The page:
A three-judge panel of the US Court of Appeals for the Ninth Circuit unanimously ruled Thursday that a federal district court improperly limited the scope of a lawsuit alleging that the FBI had illegally targeted mosques and Islamic individuals for surveillance on a basis of religion.
The suit, brought by the American Civil Liberties Union of Southern California on behalf of an Imam and two Muslim parishioners, charged that the FBI had illegally and unconstitutionally conducted espionage of their mosque based solely on their religion, violating due process and First Amendment protections. The FBI countered that their activities were protected by state secret privileges and that to defend against the allegations in court would threaten national security by exposing the FBI’s anti-terrorism activities to public scrutiny. The district judge agreed with the FBI’s defense and dismissed the majority of the claims in 2012.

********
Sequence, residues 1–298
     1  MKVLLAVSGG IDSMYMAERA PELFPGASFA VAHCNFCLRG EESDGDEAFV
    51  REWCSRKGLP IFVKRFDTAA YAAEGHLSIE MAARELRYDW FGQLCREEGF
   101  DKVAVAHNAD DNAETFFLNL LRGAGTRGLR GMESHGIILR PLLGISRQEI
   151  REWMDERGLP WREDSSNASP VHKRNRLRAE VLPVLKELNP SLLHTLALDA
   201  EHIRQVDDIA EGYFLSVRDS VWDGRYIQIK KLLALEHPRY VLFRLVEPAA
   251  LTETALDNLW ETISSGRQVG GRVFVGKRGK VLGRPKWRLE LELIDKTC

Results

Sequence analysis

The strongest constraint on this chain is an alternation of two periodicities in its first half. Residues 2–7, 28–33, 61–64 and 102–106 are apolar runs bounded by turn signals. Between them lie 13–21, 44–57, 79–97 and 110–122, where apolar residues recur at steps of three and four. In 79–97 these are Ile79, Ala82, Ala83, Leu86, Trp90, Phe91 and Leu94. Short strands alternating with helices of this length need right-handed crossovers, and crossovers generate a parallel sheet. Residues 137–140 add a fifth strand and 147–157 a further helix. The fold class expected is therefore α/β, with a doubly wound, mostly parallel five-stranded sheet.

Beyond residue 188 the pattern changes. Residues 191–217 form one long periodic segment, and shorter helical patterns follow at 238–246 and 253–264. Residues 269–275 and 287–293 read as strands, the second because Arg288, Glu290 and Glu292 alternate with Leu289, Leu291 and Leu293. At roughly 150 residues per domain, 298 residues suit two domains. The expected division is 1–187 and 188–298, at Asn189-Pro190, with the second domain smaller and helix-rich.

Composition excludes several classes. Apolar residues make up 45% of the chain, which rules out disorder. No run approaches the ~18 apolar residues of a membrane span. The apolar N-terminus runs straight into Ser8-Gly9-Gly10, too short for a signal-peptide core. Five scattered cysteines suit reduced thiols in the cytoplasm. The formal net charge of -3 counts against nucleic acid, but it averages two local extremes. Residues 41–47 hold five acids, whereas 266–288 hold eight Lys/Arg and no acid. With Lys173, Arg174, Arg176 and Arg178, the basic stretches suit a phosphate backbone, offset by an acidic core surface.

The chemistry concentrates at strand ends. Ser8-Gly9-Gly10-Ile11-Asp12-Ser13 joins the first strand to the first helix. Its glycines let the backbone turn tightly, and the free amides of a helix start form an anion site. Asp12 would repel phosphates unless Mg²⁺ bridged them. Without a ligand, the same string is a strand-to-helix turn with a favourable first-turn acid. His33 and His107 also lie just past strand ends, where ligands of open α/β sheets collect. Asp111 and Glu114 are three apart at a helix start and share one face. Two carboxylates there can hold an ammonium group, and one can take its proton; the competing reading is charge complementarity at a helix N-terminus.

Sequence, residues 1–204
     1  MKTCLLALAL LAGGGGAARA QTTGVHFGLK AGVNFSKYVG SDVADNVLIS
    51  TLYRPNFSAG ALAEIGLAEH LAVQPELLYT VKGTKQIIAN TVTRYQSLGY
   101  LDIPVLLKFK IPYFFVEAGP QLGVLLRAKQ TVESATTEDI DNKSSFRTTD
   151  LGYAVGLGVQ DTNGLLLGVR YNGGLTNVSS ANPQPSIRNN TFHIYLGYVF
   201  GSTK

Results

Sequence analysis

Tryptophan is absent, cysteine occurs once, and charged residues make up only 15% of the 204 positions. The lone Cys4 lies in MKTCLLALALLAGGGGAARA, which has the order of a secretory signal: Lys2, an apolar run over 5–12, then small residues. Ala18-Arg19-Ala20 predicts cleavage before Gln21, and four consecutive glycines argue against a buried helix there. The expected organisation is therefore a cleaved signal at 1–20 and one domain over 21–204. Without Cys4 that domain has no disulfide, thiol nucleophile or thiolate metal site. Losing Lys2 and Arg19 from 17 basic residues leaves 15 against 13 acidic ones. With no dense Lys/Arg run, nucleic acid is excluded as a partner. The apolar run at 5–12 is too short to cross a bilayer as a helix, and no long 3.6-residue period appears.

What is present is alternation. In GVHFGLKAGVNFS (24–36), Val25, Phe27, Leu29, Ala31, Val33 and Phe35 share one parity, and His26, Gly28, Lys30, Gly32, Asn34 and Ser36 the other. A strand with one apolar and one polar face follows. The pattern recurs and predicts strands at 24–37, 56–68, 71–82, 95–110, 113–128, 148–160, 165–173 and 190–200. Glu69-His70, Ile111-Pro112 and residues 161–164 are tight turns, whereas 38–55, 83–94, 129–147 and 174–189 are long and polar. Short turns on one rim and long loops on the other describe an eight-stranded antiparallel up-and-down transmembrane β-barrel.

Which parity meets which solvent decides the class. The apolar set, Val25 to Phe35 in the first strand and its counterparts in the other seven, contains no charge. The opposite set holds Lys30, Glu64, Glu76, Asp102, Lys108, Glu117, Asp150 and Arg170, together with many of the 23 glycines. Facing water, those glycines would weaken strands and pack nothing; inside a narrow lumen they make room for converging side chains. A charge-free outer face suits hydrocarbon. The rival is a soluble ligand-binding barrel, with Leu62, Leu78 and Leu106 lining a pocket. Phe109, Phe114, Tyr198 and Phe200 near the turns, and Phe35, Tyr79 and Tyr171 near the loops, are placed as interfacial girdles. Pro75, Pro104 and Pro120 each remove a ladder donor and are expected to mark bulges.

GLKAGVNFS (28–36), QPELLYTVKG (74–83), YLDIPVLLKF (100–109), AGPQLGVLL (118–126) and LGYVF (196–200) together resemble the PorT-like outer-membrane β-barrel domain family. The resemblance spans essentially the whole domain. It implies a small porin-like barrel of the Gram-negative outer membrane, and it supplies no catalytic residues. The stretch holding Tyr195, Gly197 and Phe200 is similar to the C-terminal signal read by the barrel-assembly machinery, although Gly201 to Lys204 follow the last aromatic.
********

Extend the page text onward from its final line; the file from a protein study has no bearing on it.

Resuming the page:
In Thursday’s ruling the appellate court reversed most of these dismissals, stating that the district judge was too deferential to the government’s invocation of state secret privileges. “The charges should not have been dismissed outright,” stated Judge Marsha Berzon in the opinion. Berzon wrote that there are procedures in the Foreign Intelligence Surveillance Act that would have allowed the district court to weigh evidence without compromising the integrity of the FBI’s investigations, and remanded the case to the district court to follow these procedures and decide the case on its merits.
The appeals court explicitly did not rule on whether the FBI’s actions were constitutional and left it for the district court to decide, stating that “we answer [these questions] on purely legal grounds, but of course realize that those legal answers will reverberate in the context of the larger ongoing national conversation about how reasonably to understand and respond to the threats posed by terrorism without fueling a climate of fear rooted in stereotypes and discrimination.”